|Posted on March 4, 2023 at 3:50 PM|
I started writing Muddy Boots in 2013, shortly after I became executive director of Episcopal Community Services in Philadelphia. I wanted to write about the issues of poverty, my experience and lessons running the agency, and my thoughts on leadership, which I get to talk about occasionally. What started as a small following now has some 5000 readers and followers on social media. Ten years later, there have been some 190 articles. Some are published in magazines like Inc., some have become chapters in books like People Economics, and some have become Op-Eds in the Inquirer or Business Journal. All have received comments, some agreeing, some not, but all raised an issue or experience and asked people to think.
In October of this year, I will retire from ECS. It has been the privilege of a lifetime to serve my church and the City of Philadelphia, addressing the challenges of poverty. I have worked with exceptional people on my staff, our partners, and our board. More important, I have met some of the most resilient people I know who are ECS participants and their families.
What I have learned and the essence of Muddy boots is that you go into the field and ask two questions. How are we doing? What can we do better? You then lead your team to respond to the answers. This is how you deliver impact and drive system change. We learned at ECS that the sustainable way out of poverty is a job at or above a living wage with benefits and assets in the bank. That is achieved when one has access to opportunity and the environment to act on that opportunity. That goal is the essence of our program work, partnerships, and advocacy. Our model is to ask, design, do, measure, and tune. Then repeat.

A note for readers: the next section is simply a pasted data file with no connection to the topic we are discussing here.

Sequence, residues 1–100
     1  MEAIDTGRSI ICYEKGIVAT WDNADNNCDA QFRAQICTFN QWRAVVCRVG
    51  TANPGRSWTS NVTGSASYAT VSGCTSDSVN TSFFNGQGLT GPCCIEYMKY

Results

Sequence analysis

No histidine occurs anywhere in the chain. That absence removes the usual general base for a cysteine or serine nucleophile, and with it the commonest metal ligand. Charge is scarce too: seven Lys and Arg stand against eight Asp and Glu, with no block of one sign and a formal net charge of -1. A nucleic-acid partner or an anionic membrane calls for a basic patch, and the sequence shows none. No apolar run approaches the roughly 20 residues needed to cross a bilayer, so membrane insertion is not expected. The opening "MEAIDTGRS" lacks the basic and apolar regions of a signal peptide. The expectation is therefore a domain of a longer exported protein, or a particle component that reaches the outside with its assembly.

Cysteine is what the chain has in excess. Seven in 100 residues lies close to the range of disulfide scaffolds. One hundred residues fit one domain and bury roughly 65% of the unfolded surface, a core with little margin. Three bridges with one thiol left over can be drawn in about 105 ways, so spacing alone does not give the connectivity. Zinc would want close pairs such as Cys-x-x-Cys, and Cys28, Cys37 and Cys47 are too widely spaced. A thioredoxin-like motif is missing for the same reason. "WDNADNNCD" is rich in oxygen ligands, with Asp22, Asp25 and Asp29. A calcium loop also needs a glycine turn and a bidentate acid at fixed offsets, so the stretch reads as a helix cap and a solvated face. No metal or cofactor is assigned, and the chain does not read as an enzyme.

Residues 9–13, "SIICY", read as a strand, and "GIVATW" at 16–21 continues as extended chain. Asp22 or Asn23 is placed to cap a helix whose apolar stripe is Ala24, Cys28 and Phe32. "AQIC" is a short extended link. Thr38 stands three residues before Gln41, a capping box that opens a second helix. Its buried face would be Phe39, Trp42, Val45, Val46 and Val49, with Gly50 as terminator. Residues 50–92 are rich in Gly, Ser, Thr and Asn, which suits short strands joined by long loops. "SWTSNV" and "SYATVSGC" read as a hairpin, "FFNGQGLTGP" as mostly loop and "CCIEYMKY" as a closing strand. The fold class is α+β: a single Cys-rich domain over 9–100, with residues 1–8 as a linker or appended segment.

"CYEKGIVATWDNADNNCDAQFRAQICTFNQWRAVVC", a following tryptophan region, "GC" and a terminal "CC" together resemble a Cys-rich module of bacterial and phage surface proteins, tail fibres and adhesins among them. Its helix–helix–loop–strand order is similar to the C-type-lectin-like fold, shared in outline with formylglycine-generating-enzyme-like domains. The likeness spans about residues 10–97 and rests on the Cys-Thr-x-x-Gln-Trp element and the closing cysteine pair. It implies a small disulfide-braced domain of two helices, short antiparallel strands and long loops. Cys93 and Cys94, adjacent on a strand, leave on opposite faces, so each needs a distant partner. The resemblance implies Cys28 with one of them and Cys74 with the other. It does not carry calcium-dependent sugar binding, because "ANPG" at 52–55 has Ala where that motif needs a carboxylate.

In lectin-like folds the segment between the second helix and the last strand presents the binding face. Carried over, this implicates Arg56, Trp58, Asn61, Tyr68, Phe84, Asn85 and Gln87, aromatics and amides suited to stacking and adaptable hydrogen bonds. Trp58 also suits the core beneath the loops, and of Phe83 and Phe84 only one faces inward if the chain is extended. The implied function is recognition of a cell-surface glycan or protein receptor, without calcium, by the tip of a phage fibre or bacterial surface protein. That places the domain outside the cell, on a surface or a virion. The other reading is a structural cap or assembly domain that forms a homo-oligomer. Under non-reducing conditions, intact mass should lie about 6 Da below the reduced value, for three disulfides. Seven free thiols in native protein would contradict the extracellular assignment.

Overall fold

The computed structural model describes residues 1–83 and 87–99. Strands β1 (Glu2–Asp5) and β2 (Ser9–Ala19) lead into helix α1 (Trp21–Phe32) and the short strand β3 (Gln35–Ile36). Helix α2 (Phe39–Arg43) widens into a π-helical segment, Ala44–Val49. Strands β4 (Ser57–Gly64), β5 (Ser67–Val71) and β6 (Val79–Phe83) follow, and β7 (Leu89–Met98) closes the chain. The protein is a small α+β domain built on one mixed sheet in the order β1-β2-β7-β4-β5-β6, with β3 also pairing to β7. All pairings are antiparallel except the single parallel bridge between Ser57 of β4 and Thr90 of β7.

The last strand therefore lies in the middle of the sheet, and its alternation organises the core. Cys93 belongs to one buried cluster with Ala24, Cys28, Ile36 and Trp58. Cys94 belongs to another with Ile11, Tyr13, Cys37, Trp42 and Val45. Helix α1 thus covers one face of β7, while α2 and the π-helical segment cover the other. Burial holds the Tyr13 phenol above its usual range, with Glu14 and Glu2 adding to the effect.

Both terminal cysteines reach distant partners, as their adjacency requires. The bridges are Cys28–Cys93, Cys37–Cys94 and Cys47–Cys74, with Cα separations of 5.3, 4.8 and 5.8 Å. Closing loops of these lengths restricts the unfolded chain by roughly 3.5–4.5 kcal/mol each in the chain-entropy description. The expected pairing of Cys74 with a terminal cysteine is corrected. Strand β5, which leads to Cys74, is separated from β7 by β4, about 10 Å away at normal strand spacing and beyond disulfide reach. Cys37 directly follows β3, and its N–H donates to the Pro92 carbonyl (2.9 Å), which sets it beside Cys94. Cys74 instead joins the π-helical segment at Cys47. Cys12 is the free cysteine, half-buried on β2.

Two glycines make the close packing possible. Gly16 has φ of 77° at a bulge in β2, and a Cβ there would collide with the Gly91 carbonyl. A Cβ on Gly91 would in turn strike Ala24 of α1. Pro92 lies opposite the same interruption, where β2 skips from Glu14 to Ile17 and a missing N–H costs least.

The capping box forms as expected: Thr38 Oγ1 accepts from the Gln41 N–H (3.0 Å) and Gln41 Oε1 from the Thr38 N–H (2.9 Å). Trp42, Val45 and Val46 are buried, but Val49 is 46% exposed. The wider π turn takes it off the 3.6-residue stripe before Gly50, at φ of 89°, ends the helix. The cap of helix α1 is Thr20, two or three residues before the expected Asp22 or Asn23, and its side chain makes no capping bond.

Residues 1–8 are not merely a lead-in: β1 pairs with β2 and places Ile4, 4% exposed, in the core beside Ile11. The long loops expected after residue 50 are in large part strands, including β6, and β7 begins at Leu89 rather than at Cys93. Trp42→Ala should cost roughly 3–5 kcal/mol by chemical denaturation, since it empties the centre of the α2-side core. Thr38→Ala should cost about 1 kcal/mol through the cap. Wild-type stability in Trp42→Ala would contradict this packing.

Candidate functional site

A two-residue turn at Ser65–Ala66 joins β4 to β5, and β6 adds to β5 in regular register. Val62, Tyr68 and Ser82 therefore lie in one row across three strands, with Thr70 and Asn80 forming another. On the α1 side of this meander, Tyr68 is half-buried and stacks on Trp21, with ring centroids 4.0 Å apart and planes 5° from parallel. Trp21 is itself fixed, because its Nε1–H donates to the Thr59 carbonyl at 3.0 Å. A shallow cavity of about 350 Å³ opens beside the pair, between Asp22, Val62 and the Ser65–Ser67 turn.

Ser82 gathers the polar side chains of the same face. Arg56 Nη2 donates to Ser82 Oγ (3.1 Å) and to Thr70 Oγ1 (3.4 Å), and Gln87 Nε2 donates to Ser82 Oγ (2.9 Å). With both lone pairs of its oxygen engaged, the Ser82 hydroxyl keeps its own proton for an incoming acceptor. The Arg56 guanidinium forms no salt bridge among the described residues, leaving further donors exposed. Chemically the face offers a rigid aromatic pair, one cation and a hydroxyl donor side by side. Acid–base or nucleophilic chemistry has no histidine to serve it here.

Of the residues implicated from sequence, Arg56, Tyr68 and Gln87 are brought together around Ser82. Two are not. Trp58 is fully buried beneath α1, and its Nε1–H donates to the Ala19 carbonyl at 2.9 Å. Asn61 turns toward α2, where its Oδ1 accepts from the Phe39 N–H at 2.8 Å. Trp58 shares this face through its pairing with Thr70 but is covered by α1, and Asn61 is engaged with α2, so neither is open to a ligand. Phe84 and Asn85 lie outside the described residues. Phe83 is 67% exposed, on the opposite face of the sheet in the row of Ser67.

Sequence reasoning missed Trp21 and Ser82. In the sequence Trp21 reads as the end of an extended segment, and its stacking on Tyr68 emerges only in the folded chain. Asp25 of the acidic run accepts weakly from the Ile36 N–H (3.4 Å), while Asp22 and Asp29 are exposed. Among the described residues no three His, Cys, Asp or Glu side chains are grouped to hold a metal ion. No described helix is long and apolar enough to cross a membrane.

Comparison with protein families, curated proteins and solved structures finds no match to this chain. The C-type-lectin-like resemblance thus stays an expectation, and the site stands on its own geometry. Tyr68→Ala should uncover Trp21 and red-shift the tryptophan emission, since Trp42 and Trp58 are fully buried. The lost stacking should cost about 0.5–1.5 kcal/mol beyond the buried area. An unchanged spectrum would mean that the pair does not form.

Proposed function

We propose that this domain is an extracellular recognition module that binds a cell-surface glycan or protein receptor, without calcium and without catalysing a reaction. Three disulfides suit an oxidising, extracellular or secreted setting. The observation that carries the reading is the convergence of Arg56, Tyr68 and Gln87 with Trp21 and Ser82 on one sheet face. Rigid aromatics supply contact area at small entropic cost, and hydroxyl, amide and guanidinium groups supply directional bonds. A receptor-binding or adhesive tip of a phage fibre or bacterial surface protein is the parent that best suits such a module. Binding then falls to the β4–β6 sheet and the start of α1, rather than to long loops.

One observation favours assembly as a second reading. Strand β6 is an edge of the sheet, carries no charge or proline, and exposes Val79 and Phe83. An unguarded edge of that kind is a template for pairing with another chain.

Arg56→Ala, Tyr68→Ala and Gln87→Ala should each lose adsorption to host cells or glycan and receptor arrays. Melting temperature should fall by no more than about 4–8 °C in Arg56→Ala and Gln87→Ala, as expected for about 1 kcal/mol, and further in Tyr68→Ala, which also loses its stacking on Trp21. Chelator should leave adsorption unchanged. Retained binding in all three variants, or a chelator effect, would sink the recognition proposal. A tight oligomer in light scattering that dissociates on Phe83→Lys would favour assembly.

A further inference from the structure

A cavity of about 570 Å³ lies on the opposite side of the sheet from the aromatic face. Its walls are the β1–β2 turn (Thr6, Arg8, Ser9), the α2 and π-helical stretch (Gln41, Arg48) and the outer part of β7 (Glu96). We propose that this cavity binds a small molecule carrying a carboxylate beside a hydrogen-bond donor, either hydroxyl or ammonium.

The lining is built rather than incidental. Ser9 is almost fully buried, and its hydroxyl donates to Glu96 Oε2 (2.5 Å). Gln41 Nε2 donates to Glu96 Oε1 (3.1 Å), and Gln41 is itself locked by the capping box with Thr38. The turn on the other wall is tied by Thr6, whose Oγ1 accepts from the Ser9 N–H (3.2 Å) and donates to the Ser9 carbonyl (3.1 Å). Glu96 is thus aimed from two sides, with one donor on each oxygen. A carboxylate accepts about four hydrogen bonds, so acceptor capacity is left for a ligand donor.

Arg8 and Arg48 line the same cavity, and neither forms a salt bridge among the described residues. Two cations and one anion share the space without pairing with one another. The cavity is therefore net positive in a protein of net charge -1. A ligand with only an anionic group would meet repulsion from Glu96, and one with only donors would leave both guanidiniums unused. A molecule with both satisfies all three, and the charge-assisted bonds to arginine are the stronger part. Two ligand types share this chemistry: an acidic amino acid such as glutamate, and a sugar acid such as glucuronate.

I write Muddy Boots not only as a call to action but as a call with a plan and focus. I have strong views on the value of talent and how that drives the best results and impacts. I have strong opinions on speaking truth to power as access to opportunity is not a given in our country, and the issues of poverty, race, and equality will consume us as a society if we do not deal with it as a society. In the same light, I look to our environment and see a like call to action, but on a world stage. Will we put Grandchildren over greed?
What I have learned in all of this is how hard change is to create and sustain. If circumstances allow it, it is too easy to kick the can down the road. Real change, real impact, starts with a look in the mirror. What can I do? What can you do? History will look back and answer that question for all of us. You can talk, or you can act. One individual at a time can grow to be a movement.
Answer for yourself the Muddy boots questions.
How are we doing?
What can we do better?
Answer and act. Find like-minded individuals and organizations.
I will keep writing. I may be laying down the day job but not the mission.
Dave Griffith is the Executive Director of Episcopal Community Services and the Chairperson of the Academy of Natural Sciences of Drexel University.
Categories: Muddy Boots, Griffith Thoughts, ECS Values
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